Saturday, 19 January 2013


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Best Earth Images of the Week - Jan. 18, 2013
Our Amazing Planet, 18 January 2013.

1. Shooting space station?

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Credit: Scott McGuire | Photography |

The International Space Station shoots across the sky as the full moon shines over Half Dome at Yosemite National Park in this beautiful image.

Scott McGuire took this photo on Oct. 28, 2012 from Glacier Point in Yosemite National Park, California. He used a Pentax K-5 camera and a Pentax 15mm Limited lens to capture the photo.

2. Value acknowledged

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With six vast ridges arcing more than a half-mile, the Poverty Point prehistoric site in Louisiana is one of a kind.

The massive earthworks has now been nominated to become a UNESCO World Heritage Site because of its cultural significance.

3. Stalled storm

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A cold front sweeping across the United States stalled out over the East Coast today (Jan. 17), causing flash floods in the Southeast and bringing heavy snows to the North.

The mass of cold air is dropping snow across the southern Appalachians and into parts of Washington, D.C., and Baltimore, reported. Flash floods are hitting parts of eastern Tennessee and the Carolinas.

4. At risk again

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One of Hawaii's iconic plants is again at risk.

The striking and rare Haleakalā silversword, found only on the high volcanic slopes of Maui, is on the decline, scientists report today (Jan. 15) in the journal Global Change Biology.

5. Yak attack back

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Yaks are coming back. At least they are in a remote reserve on the Tibetan Plateau.

Researchers recently counted nearly 1,000 wild yaks in a rugged northern area of the plateau known as Hoh Xil, which is nearly the size of West Virginia and has very few human residents, according to the Wildlife Conservation Society, which helped conduct the census.

6. Lava levels way up

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The orange glow atop Hawaii's Mount Kilauea was a little stronger yesterday (Jan. 15) than it has been in recent weeks. The volcano's lava lake lapped over the inner ledge of its vent, reaching a new high and bring molten rock closer than ever to the floor of Halema'uma'u crater.

The level was about 80 feet (25 meters) below the crater floor, the highest level reached since the summit vent blasted open in March 2008, the U.S. Geological Survey reports. The lava lake last surged on Oct. 23, 2012, when the high mark was measured at 100 feet (31 m) below the crater floor.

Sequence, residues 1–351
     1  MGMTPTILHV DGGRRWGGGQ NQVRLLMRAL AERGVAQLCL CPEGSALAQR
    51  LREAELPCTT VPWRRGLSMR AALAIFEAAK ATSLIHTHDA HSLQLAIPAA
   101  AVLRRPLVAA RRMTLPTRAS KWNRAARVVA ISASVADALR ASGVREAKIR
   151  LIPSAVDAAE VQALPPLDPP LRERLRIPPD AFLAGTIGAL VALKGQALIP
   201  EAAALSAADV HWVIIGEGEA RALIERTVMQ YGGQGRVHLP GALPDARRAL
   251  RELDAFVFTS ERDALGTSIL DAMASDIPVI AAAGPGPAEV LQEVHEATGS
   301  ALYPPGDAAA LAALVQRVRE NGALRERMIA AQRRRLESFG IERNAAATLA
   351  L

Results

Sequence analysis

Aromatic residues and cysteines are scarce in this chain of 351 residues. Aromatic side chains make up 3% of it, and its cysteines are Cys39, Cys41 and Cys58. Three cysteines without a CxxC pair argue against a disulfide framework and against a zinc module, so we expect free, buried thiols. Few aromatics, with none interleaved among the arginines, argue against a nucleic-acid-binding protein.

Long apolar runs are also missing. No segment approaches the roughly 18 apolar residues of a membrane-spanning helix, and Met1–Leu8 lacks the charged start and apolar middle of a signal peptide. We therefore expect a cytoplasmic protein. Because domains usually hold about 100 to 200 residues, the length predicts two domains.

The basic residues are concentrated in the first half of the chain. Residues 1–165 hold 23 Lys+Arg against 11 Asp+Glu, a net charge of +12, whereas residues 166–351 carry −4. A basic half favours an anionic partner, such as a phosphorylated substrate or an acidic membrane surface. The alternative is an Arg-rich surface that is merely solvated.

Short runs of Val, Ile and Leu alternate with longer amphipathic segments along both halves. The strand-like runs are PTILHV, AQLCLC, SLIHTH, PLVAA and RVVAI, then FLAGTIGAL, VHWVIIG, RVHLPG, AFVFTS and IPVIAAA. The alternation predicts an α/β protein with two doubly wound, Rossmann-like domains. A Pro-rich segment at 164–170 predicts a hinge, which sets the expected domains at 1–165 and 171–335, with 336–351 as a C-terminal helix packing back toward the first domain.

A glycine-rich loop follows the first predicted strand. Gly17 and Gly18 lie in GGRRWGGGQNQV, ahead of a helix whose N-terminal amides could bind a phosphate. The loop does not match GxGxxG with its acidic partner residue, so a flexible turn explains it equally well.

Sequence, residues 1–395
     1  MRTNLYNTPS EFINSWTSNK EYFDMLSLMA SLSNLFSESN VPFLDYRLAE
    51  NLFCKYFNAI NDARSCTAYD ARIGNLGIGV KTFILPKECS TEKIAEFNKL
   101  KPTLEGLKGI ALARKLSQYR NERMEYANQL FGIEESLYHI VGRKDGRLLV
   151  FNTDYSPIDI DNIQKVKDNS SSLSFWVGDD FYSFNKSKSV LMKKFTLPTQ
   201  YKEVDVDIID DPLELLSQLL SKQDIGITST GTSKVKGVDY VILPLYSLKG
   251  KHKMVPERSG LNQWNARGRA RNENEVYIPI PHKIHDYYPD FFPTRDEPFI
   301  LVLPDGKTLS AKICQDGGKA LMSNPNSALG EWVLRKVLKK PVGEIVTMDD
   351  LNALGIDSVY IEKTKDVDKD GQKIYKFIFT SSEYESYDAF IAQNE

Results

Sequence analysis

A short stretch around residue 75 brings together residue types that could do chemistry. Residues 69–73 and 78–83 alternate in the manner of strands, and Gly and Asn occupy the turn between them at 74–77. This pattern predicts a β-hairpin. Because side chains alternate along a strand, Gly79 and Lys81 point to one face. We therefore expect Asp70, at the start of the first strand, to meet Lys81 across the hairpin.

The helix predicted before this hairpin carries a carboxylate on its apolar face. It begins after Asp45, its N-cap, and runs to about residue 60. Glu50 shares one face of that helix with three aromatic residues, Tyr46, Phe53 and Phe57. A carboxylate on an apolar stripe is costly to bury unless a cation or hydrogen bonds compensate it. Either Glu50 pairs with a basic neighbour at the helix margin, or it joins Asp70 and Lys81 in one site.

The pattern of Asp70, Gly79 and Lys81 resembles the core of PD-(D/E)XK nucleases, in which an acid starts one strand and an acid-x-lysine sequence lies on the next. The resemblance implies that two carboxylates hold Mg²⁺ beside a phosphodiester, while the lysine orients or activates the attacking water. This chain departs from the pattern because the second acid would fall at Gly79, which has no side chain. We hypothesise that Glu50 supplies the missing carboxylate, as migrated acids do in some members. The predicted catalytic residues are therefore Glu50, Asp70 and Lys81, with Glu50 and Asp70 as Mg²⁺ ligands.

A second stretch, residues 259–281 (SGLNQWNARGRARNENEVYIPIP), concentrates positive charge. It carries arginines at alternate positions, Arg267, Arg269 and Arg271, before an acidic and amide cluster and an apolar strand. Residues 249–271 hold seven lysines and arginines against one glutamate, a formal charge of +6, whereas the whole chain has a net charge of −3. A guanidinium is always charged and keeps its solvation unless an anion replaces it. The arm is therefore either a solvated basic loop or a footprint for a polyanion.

7. Cold and windy

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Just how cold is it in the Southwest? The answer, my friends, is blowin' all the way to Kansas.

NASA's Aqua satellite spotted the bitter cold front now sweeping through the Rocky Mountains on Jan. 11. The descending mass of frigid air drove winds that scooped up dust in the Colorado Front Ranges and carried it through the air to Kansas. Cold, dense air wedging under warmer air can create strong wind gusts.

8. A chill in the air

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Known for hot temperatures, Southern California and the rest of the Southwest United States are undergoing a cold snap that has set records in many areas throughout the region.

Los Angeles set a record daily low of 34 degrees Fahrenheit (1 degree Celsius) this morning (Jan. 14), the coldest it's been in 22 years, according to the National Weather Service. Water pipes also froze and burst in Las Vegas, where the mercury dropped to nearly 17 F (minus 8 C), according to news reports.

9. More Awwww! than AAAHHH!

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There's one word that can make any hiker's blood turn cold: bear.

Deep inside America's most visited national park, Great Smoky Mountains National Park, a photographer caught this candid shot of a black bear napping in a tree. The bear doesn't seem all that impressed by the photographer, barely opening its eyes for the shot. That's not uncommon for black bears, which are more likely to avoid confrontation than grizzlies (or brown bears, as they are sometimes called). Black bears are more interested in food than humans.

[Source: Our Amazing Planet. Edited.]

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